“There have been as many plagues as wars in history,” wrote Albert Camus in “The Plague,” “yet always plagues and wars take people equally by surprise.” The world was certainly unprepared for COVID-19, but in just a year and a half after the SARS-CoV-2 virus was identified, 5 billion doses of vaccines have been administered – an unprecedented response.
American pharmaceutical manufacturers have been leading the fight. The U.S. Food & Drug Administration has granted approval or emergency authorization to three vaccines. Two were developed by U.S. companies and the other by a U.S.-German partnership.
The U.S. leads, in large part, because our government has been wise to resist counterproductive constraints on innovation. Successfully developing a drug requires billions in capital, and any firm embarking on such a venture requires the possibility of a reward for taking enormous risk. In recent years, governments in Europe and other parts of the world have introduced price controls on medicines, and their pharmaceutical industries have suffered accordingly.
As recently as 1990, European pharmaceutical companies were spending far more on research and development than U.S. firms. But, by 2019, U.S. companies were spending 50 percent more than their European counterparts.
R&D is paying off for patients. The FDA has already approved 34 new drugs this year, including 12 therapies for cancer and others for conditions such as lupus, schizophrenia and kidney disease.
Unfortunately, however, President Biden has a plan that threatens the U.S. health innovation model. On Aug. 12, the president proposed that Medicare authorities would “negotiate” prices with pharmaceutical companies.
In other words, the president wants price controls on drugs.
Setting artificially low prices would impede patients’ access to treatments today and discourage companies from investing in the drugs of tomorrow. There’s no way to reduce Medicare drug spending by hundreds of billions of dollars without it resulting in less R&D and ultimately, fewer new drugs and vaccines.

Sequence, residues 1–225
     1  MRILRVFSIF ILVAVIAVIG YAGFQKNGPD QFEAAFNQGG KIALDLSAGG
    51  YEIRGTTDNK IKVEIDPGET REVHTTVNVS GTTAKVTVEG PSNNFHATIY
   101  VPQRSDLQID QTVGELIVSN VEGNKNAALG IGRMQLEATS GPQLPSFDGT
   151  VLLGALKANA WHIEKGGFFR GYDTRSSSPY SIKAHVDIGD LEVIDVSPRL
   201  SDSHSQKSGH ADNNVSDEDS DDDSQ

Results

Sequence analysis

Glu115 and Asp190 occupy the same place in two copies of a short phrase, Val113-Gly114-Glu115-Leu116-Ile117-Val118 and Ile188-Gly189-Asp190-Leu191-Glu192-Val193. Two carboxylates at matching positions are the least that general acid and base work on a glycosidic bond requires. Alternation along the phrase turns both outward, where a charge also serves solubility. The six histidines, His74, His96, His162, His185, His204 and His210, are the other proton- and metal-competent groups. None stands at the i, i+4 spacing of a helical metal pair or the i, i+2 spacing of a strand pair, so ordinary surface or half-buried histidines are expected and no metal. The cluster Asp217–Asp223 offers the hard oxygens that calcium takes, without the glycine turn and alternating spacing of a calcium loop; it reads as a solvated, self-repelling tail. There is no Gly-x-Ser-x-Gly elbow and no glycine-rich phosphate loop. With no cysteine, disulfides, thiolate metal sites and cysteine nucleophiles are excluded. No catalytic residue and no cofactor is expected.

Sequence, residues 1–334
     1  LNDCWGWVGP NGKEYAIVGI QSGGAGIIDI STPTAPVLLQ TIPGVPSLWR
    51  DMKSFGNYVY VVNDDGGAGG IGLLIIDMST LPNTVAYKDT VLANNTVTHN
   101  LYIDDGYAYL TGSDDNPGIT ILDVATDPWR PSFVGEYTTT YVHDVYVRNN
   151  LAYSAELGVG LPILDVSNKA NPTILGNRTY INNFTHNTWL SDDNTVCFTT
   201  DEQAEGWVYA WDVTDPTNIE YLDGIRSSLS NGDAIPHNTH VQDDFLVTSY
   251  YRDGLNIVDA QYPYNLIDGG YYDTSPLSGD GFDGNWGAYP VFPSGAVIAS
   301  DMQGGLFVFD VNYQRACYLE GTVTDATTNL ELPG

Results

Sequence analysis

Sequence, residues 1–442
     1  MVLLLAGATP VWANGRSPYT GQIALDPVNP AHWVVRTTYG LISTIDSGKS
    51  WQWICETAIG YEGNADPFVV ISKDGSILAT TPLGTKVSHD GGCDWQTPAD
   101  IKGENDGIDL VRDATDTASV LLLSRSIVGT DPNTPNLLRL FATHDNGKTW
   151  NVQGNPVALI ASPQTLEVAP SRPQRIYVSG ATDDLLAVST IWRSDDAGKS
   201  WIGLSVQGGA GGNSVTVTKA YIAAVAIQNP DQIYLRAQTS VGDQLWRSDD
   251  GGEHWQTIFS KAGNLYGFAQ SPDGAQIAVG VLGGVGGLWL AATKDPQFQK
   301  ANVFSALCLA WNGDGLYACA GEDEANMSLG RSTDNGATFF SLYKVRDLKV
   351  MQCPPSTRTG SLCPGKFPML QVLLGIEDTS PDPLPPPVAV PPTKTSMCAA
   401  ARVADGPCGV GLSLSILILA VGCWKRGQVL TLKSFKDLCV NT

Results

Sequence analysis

Such measures would impede our ability to foresee future pandemics. This preparedness is essential, because additional health crises are inevitable. The United States recently recorded four cases of Melioidosis, an infectious disease in several tropical regions, including Central America. And on Aug. 11, the WHO reported that for the first time a case of the Marburg Virus was seen in Guinea in West-Africa, a tropical hemorrhagic disease related to Ebola which had caused smaller eruptions in East-Africa in the past.
Rather than risking such a disaster, Washington could reform the Medicare insurance system itself. Biden wants to set a cap on “the amount that seniors have to spend on prescription drugs each year at no more than…$250 a month on average. That’d be a game changer.” He’s right.
Changing the structure of Medicare insurance would not only be fairer for America’s seniors, it would also avoid disrupting the innovation model that has already prevented millions of COVID deaths. We can be certain that, as Camus wrote, other plagues are coming, but, with a strong system of developing and manufacturing the best vaccines and medicines, we won’t be taken entirely by surprise.
Dr. Wolfgang Klietmann is a former clinical pathologist and medical microbiologist at Harvard Medical School. This piece was previously published in the Boston Herald.